In advance of Times Roundtable, producer-songwriter Alex Da Kid talks Eminem, Grammy-nominated breakout year
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Alex Da Kid fast-tracked himself to one of hip-hop’s most-sought-after producer-songwriters after crafting two of last year’s biggest singles: B.o.B’s “Airplanes” and Eminem’s “Love The Way You Lie.”
But the 27-year-old, born Alexander Grant, didn’t follow a typical path into music and was working toward a much different career goal.
Born and raised in Wood Green, north London, he originally had his sights set on becoming a professional soccer player. Grant played for England’s Bristol City youth team before distractions — and an injury — sidelined his foray into the big leagues.
“To cut a long story short,” he jokes while lounging in a Beverly Hills office suite. “My friend gave me a program, Fruity Loops. I had just finished playing soccer, and I decided to start making tracks.
“I didn’t know anything about [making music], and I hadn’t had any experience with it before … but I just fell in love with it.”
Grant, who will join fellow hitmakers RedOne and Ari Levine (of the Smeezingtons) at the Los Angeles Times Music Producers roundtable on Saturday at the Grammy Museum, went from tinkering on the amateur computer program to chasing a music degree. During university he snagged a number of internships before making the trek to New York, where he continued to network (he even got face time with one of his idols, Swizz Beatz). He eventually landed a deal with Universal Music Publishing Group in 2009.
When asked about his meteoric, seemingly overnight rise, he’s a little coy (‘It’s been a steady climb,’ he says), but those connections came in handy.
“I was friendly with someone at Atlantic records. They had this hook they liked, but they hated the track it came with. They gave me the hook along with a bunch of other producers,” he said. “It wasn’t originally for B.o.B. at first. They didn’t know what they were going to with the track. But at that time ‘Nothing On You’ was really breaking and becoming a huge hit, so they gave it to B.o.B. for his second single and he killed it. The rest is history.”
With “Airplanes” a megahit, the producer found a fan — and an offer — from Eminem, who loved the song so much he jumped on a sequel.
“He was looking for a new sound and wanted to work with new producers on his album. I was sending tracks and ideas, and Em liked the tracks I was sending,” he said. “We were trying to figure out what would make sense and not go too far out of his comfort zone, but he wanted something different. So I sent him ‘Love the Way You Lie.’”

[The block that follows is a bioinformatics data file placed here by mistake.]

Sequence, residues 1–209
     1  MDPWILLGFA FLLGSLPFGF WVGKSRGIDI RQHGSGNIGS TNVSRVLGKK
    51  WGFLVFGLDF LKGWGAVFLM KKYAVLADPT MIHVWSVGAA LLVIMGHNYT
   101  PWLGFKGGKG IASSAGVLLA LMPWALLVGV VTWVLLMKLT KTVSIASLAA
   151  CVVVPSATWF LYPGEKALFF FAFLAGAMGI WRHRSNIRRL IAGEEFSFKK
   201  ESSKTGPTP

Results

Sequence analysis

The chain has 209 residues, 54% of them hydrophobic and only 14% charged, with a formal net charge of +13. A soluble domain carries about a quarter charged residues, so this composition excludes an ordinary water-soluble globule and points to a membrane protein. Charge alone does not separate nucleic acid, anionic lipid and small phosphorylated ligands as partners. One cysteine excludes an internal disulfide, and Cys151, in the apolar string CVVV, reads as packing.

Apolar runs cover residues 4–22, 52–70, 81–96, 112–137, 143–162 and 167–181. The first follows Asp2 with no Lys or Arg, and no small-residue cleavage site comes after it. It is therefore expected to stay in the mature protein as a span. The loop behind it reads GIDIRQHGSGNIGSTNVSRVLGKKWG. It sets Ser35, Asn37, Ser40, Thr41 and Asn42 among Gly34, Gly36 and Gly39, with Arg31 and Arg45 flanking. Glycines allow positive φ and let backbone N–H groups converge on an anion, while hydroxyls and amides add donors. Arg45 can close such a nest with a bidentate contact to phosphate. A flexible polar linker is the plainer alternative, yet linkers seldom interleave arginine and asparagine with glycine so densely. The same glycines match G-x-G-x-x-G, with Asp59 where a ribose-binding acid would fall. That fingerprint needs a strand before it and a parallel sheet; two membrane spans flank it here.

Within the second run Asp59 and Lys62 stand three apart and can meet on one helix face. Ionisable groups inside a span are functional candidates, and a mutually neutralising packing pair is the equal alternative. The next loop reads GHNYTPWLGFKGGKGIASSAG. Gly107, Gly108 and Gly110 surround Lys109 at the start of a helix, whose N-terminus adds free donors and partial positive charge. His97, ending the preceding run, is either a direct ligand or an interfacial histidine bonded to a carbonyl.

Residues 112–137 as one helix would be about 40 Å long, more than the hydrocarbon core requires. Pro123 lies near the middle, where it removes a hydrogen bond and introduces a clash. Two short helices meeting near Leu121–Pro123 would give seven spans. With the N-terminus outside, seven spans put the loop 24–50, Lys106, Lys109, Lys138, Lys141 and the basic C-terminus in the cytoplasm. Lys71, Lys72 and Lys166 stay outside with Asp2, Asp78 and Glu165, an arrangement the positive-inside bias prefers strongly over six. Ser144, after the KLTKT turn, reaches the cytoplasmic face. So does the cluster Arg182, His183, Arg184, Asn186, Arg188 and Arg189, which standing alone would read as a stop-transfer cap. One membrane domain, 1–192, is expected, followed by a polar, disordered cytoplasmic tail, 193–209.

Grant said the dark rock/hip-hop hybrid anthemic track — which hit No. 1 on the Billboard Hot 100, logged more than 4 million downloads in the U.S. alone and snagged five Grammy nods (four of which Grant is eligible for), including Record and Song of the Year — almost didn’t land on “Recovery.”
“It happened really late on the album. He recorded it in two days, and I went to mix it with him in Detroit, and that’s when I first met him. Soon as he heard the song he said he wanted Rihanna,” he said. “They had to turn in the album nearly a day after we had finished. She almost didn’t make it, since she was on tour. She was in Dublin at the time and was able to record it as we were mixing it. We had no time. If she didn’t kill it the first time, it wouldn’t have made the album.”
With a Grammy-nominated breakout year under his belt, Grant isn’t looking to slow down soon. He has Diddy-Dirty Money’s newest single, “Coming Home,” T.I.’s upcoming Christina Aguleria assisted “Castle Walls,” Rihanna’s sequel to “Love the Way You Lie” and Dr. Dre’s anticipated lead single, ‘I Need a Doctor.’ He is also slated to serve as a mentor for the revamped season of “American Idol.”
“My thing for  is working with big iconic bands. I want to try to expand on what I’ve done. In terms of what hip-hop producers do in general, I want to take it to the next level,” he said. “It would be great to work with people like U2, Coldplay, George Michael, things that are a bit different.”
As for all the attention that’s come with the past 12 months, he’s unfazed by it all.
“I don’t want to be a celebrity, I think it takes away too much time from what I want to do,” he said. “I’ve always just wanted to be respected by my peers.
— Gerrick D. Kennedy